SEOUL — North and South Korean officials were to sit down on Thursday for rare talks aimed at paving the way for a sustainable high-level dialogue that has constantly eluded the two neighbours.
The meeting at the border truce village of Panmunjom marks the first inter-governmental interaction since August when the two sides met to defuse a crisis that had pushed them to the brink of an armed conflict.
That meeting ended with a joint agreement that included a commitment to resume high-level talks, although no precise timeline was given.
Thursday's talks in Panmunjom will try to avoid a repetition of that failure by thrashing out an agenda, a venue and such protocol issues as who should attend the full-fledged dialogue.
"We will do our best," said Kim Ki-woong, the head of the South Korean Unification Ministry's special office for inter-Korean dialogue.
"We are resolved to maintaining the momentum for dialogue that was started by the August agreement," Kim said before leaving Seoul for Panmunjom at the head of the three-member delegation.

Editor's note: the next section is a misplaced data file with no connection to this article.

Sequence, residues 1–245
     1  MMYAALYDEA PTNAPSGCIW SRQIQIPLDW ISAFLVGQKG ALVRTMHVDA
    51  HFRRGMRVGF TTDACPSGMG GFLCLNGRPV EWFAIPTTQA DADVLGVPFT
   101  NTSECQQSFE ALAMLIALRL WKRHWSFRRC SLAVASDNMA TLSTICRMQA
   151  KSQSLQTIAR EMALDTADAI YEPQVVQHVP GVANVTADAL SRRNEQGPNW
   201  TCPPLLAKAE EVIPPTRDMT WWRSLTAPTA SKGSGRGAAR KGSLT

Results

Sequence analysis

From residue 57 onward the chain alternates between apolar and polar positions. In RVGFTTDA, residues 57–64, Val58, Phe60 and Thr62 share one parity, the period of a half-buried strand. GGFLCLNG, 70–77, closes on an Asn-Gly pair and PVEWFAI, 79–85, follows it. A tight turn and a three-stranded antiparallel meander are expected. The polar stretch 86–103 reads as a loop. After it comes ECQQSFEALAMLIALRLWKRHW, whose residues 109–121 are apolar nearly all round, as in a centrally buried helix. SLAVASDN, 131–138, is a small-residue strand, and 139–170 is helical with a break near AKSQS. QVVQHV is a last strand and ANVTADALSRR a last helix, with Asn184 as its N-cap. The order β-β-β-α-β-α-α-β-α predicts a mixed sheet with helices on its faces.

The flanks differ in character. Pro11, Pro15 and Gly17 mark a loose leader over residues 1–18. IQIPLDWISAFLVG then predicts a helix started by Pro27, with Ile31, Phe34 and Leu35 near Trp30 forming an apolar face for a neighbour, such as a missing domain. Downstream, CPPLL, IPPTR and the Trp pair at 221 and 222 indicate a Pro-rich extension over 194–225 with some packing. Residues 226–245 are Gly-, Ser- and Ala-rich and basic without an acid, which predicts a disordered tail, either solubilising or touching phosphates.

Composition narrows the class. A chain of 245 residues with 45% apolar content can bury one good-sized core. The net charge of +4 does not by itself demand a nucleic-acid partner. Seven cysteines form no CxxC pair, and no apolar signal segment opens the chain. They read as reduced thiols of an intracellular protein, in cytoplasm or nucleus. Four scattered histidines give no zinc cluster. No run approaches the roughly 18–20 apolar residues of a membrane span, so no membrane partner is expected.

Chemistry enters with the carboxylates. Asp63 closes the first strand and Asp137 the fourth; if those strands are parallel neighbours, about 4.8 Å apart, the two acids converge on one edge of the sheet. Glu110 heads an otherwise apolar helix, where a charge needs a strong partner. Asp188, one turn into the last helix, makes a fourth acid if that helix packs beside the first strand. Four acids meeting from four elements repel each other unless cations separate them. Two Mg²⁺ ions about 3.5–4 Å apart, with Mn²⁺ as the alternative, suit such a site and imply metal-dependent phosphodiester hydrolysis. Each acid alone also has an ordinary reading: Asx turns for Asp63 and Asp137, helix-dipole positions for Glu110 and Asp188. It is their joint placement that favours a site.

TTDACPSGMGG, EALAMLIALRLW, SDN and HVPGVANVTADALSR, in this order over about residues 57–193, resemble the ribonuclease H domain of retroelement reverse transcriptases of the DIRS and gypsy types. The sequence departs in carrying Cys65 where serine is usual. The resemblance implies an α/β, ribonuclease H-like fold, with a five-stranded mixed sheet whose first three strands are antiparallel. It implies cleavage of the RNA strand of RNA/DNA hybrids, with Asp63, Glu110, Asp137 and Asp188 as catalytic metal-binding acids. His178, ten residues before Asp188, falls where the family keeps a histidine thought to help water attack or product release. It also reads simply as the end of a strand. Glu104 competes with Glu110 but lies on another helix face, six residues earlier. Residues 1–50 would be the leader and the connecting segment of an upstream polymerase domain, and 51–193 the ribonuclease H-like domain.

Likely topics to be placed on the agenda include South Korea's desire for regular reunions for families separated by the 1950-53 Korean War that cemented the division of the Korean peninsula.
North Korea, meanwhile, will want to discuss the resumption of South Korean tour groups to its scenic Mount Kumgang resort.
The tours were suspended by the South in 2008 after a female tourist was shot dead by a North Korean guard. — AFP